The San Diego Bay National Wildlife Refuge protects a rich diversity of endangered, threatened, migratory, and native species and their habitats in the midst of a highly urbanized coastal environment. The Refuge encompasses approximately 2,620 acres of land and water in and around San Diego Bay. The Refuge consists of the Sweetwater Marsh and South San Diego Bay Units. What remains of San Diego Bay’s historic coastal salt marsh and intertidal mudflat habitat is preserved within these two Refuge Units.
A trail that leads to the native pollinator garden as written on an overarching metal arch above the trail. Next to this is a shuttle bus.
Limited Access at Sweetwater Marsh Unit

There is limited access at the Sweetwater Marsh Unit of the San Diego Bay NWR. Refuge visitors can catch a free shuttle from the Living Coast Discovery Center to access refuge trails. Check the LCDC website for days and times when the service is available. When the Center is closed, we recommend taking a walk on the north end of 13th or 10th streets in Imperial Beach or at Tijuana Estuary.

 

Visit Us

This refuge has two distinct areas you can enjoy some of the most beautiful and unique wildlife in San Diego Bay. Each area is connected by the Bayshore Bikeway. Whether you're riding your bike, the bus, or driving, accessing the refuge is easy. You just have to know where to go!

Location and Contact Information

      CORONAVIRUS (COVID-19) NOTICE

      Although most refuge lands and outdoor spaces have remained open for the public to enjoy, we ask that you recreate responsibly.

      • Check alerts and local conditions on this website and call ahead for current information. Operations vary based on local public health conditions.
      • Consistent with CDC recommendations, all visitors (age 2 and older), who are fully vaccinated are required to wear a mask inside of federal buildings in areas of substantial or high community transmission. All visitors who are not fully vaccinated must continue to wear masks indoors and in crowded outdoor spaces.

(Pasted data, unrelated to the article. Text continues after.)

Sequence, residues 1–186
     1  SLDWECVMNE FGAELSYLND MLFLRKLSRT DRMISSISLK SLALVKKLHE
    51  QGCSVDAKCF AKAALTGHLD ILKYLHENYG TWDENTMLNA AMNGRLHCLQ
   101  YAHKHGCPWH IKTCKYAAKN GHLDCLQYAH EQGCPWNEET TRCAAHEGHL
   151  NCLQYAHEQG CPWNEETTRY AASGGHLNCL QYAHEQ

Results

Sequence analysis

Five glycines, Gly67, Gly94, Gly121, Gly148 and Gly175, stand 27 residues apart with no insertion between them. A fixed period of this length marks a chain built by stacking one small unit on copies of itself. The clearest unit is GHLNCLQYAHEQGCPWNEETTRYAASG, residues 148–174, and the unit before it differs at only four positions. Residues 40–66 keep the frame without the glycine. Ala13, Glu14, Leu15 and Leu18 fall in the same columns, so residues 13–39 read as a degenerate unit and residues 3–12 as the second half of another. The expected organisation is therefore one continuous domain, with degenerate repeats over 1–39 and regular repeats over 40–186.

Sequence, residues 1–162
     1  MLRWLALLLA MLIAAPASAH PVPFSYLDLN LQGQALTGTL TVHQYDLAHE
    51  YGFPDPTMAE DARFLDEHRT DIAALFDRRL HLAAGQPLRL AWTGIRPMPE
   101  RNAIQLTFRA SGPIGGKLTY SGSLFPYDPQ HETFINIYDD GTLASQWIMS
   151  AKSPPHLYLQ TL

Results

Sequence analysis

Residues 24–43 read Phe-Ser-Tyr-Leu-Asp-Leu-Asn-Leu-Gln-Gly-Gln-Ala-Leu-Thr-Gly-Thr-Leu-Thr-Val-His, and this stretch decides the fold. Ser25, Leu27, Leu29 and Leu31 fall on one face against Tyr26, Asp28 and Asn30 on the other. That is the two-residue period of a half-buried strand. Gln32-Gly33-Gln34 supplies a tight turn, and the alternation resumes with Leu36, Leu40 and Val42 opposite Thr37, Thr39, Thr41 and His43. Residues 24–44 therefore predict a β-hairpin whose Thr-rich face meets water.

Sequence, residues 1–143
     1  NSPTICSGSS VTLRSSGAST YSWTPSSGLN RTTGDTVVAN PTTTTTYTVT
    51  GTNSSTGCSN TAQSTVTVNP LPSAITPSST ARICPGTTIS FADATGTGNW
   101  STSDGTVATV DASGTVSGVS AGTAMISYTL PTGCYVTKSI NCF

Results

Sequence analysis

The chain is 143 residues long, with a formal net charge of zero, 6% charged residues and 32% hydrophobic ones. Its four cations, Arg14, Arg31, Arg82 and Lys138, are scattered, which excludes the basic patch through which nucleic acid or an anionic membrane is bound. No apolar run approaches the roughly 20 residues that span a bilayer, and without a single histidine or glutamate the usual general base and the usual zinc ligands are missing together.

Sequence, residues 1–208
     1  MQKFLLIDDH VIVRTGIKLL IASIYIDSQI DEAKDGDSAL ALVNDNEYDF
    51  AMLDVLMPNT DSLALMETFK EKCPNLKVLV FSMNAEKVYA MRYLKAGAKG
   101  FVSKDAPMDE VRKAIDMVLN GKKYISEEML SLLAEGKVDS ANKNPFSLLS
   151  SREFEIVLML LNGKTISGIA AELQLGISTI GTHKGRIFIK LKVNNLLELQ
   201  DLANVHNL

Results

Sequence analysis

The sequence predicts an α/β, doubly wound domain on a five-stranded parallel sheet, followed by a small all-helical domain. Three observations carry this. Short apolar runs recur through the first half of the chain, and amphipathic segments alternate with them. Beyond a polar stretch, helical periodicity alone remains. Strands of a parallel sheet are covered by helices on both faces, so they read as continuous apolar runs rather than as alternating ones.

• Most importantly, stay home if you feel sick and continue to watch for symptoms of COVID-19 and follow CDC guidance on how to protect yourself and others.

      About Us

      The San Diego Bay National Wildlife Refuge protects a rich diversity of endangered, threatened, migratory, and native species and their habitats in the midst of a highly urbanized coastal environment. The Refuge is situated at the south end of San Diego Bay and is surrounded by the cities of National City, Chula Vista, San Diego, Imperial Beach, and Coronado. Established to protect endangered and threatened species, the Refuge encompasses approximately 2,620 acres of land and water in and around San Diego Bay.

      Tours

      Monthly tours of the South San Diego Bay refuge are available to the public as well as tours during the wintertime led by the San Diego Audubon Society. Email sdaudubon@sandiegoaudubon.org for more information.

      What We Do

      To help plants and wildlife, refuge staff use a variety of habitat management techniques to maintain, recover or enhance plant and wildlife values. Refuge staff carefully considers any management techniques and employ them in varying degrees according to the situation. 

      Our Species

      The San Diego Bay National Wildlife Refuge was established to protect wildlife species that were threatened and endangered, and provide exclusive habitat just for them. Sweetwater Marsh provides habitat for four endangered or threatened species, and over 200 species of birds have been seen here. The Refuge is broken up into two distinct areas: the Sweetwater Marsh Unit and the South San Diego Bay Unit.

      Projects and Research

      Wildlife and habitat management programs focus on the recovery of the endangered California least tern, endangered light-footed Ridgway’s rail, threatened western snowy plover, and the endangered salt marsh salt marsh
      Salt marshes are found in tidal areas near the coast, where freshwater mixes with saltwater.

      Learn more about salt marsh
      bird's beak plant.